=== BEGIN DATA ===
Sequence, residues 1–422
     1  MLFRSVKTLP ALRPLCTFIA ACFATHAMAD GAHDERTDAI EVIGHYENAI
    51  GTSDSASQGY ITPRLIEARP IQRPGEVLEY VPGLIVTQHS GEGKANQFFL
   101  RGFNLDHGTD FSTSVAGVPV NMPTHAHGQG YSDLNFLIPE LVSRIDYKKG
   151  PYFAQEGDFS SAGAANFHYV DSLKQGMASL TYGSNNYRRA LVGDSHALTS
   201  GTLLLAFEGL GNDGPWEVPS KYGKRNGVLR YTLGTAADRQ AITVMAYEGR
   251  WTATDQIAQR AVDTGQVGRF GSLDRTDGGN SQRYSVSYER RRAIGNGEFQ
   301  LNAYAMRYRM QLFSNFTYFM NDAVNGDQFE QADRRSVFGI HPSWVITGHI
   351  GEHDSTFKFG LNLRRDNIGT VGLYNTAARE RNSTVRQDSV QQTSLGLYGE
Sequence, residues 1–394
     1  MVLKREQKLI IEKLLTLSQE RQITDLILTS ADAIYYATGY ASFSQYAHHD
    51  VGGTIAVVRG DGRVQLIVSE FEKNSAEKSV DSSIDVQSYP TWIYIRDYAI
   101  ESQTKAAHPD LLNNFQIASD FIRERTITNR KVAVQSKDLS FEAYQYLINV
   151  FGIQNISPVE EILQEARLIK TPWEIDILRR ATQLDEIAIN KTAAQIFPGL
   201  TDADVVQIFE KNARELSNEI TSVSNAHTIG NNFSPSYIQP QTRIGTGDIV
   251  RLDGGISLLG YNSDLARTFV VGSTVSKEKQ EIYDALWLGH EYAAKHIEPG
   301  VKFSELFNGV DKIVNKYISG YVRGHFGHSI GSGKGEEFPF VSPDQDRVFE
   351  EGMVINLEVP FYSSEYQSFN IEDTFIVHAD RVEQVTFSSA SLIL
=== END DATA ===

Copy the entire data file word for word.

Sequence, residues 1–422
     1  MLFRSVKTLP ALRPLCTFIA ACFATHAMAD GAHDERTDAI EVIGHYENAI
    51  GTSDSASQGY ITPRLIEARP IQRPGEVLEY VPGLIVTQHS GEGKANQFFL
   101  RGFNLDHGTD FSTSVAGVPV NMPTHAHGQG YSDLNFLIPE LVSRIDYKKG
   151  PYFAQEGDFS SAGAANFHYV DSLKQGMASL TYGSNNYRRA LVGDSHALTS
   201  GTLLLAFEGL GNDGPWEVPS KYGKRNGVLR YTLGTAADRQ AITVMAYEGR
   251  WTATDQIAQR AVDTGQVGRF GSLDRTDGGN SQRYSVSYER RRAIGNGEFQ
   301  LNAYAMRYRM QLFSNFTYFM NDAVNGDQFE QADRRSVFGI HPSWVITGHI
   351  GEHDSTFKFG LNLRRDNIGT VGLYNTAARE RNSTVRQDSV QQTSLGLYGE
Sequence, residues 1–394
     1  MVLKREQKLI IEKLLTLSQE RQITDLILTS ADAIYYATGY ASFSQYAHHD
    51  VGGTIAVVRG DGRVQLIVSE FEKNSAEKSV DSSIDVQSYP TWIYIRDYAI
   101  ESQTKAAHPD LLNNFQIASD FIRERTITNR KVAVQSKDLS FEAYQYLINV
   151  FGIQNISPVE EILQEARLIK TPWEIDILRR ATQLDEIAIN KTAAQIFPGL
   201  TDADVVQIFE KNARELSNEI TSVSNAHTIG NNFSPSYIQP QTRIGTGDIV
   251  RLDGGISLLG YNSDLARTFV VGSTVSKEKQ EIYDALWLGH EYAAKHIEPG
   301  VKFSELFNGV DKIVNKYISG YVRGHFGHSI GSGKGEEFPF VSPDQDRVFE
   351  EGMVINLEVP FYSSEYQSFN IEDTFIVHAD RVEQVTFSSA SLIL